Article Summary

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Submitted By avarughese
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Over the last decade, employers are facing difficulties to find candidates to fill positions that require good business writing skills. Employers and their businesses are suffering great financial loss due to the deficiencies of their employees writing skills. To overcome the challenges of their employees, businesses are investing in written communication and grammar training sessions.
Employers seek candidates who are proficient both in verbal and written language. A study conducted by the National Commission on Writing (NCW) in 2004 confirmed that employees spent over $3.1 billion annually to attempt to resolve the employee’s writing deficiencies. Even to communicate via email, employees must possess very basic writing skills. This is one of the top priorities of a successful employee. New graduates from exemplary colleges are producing students who lack skills in basic spelling, sentence structure, and grammar.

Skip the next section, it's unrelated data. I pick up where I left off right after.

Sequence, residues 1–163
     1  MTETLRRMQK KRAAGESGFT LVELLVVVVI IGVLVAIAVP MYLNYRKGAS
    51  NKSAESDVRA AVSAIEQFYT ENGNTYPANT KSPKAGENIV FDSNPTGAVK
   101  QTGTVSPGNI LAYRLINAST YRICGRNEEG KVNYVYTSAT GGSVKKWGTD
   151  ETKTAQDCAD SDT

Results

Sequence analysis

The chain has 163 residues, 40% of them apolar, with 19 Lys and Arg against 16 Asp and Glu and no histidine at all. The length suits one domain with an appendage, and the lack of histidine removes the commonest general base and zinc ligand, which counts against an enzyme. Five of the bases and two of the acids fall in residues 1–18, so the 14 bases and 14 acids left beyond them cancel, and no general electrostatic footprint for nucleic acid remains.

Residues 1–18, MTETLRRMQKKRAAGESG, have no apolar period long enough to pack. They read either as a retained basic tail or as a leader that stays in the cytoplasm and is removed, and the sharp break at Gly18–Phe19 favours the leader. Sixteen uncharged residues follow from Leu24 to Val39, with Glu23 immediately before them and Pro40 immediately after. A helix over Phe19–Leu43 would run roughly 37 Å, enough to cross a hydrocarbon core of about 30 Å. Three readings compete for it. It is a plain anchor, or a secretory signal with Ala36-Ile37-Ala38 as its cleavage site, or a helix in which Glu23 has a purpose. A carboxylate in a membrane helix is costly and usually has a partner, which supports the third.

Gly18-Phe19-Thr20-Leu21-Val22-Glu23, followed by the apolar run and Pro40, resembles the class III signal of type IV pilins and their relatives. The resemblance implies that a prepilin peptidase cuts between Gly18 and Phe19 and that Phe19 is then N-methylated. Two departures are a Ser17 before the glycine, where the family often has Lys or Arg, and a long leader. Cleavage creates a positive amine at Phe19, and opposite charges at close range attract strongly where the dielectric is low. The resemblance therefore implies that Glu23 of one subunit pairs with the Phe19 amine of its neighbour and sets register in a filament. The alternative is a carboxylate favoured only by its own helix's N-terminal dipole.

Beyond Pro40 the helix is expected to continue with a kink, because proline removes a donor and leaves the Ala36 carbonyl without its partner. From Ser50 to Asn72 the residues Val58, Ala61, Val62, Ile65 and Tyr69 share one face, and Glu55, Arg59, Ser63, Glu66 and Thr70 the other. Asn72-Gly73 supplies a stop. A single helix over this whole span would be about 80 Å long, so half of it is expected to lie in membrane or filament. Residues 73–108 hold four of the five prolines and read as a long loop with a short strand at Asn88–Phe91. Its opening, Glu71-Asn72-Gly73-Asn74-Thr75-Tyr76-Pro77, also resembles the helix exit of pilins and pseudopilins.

According to the publishers of the American College Test (ACT), grammar is the most important skill for students entering college however high school teachers consider it to be the least important skill. Grammar has been taught using a rule-based approach. This approach focused on teaching grammar rules with a focus on the form (present, past, future, etc.). Teachers provided students with repetitive drills and grammar or punctuation exercises, which over time proved to be ineffective. The National Council of Teachers of English (NCTE)in 2006 affirmed its position regarding the use of grammar drills in a news release stating that most English teachers do not see themselves as “grammar police” patrolling for sentence-level deficiencies in their students’ writing. This approach has since been abandoned by most educators and NCTE.
Contrary to the rule-based approach, the context-based approach focuses on what students are reading and writing…...

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